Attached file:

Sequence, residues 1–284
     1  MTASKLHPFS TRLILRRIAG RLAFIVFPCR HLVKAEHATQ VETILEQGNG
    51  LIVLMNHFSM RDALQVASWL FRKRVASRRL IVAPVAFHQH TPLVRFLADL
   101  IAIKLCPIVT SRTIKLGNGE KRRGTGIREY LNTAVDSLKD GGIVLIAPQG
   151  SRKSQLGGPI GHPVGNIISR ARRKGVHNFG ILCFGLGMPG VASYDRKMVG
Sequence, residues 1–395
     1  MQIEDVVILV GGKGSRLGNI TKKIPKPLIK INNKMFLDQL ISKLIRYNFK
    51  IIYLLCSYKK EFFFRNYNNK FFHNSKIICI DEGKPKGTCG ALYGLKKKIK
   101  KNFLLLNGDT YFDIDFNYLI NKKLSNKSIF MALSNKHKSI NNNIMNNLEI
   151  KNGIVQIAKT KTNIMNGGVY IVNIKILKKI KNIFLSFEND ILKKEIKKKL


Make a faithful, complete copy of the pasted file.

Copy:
Sequence, residues 1–284
     1  MTASKLHPFS TRLILRRIAG RLAFIVFPCR HLVKAEHATQ VETILEQGNG
    51  LIVLMNHFSM RDALQVASWL FRKRVASRRL IVAPVAFHQH TPLVRFLADL
   101  IAIKLCPIVT SRTIKLGNGE KRRGTGIREY LNTAVDSLKD GGIVLIAPQG
   151  SRKSQLGGPI GHPVGNIISR ARRKGVHNFG ILCFGLGMPG VASYDRKMVG
Sequence, residues 1–395
     1  MQIEDVVILV GGKGSRLGNI TKKIPKPLIK INNKMFLDQL ISKLIRYNFK
    51  IIYLLCSYKK EFFFRNYNNK FFHNSKIICI DEGKPKGTCG ALYGLKKKIK
   101  KNFLLLNGDT YFDIDFNYLI NKKLSNKSIF MALSNKHKSI NNNIMNNLEI
   151  KNGIVQIAKT KTNIMNGGVY IVNIKILKKI KNIFLSFEND ILKKEIKKKL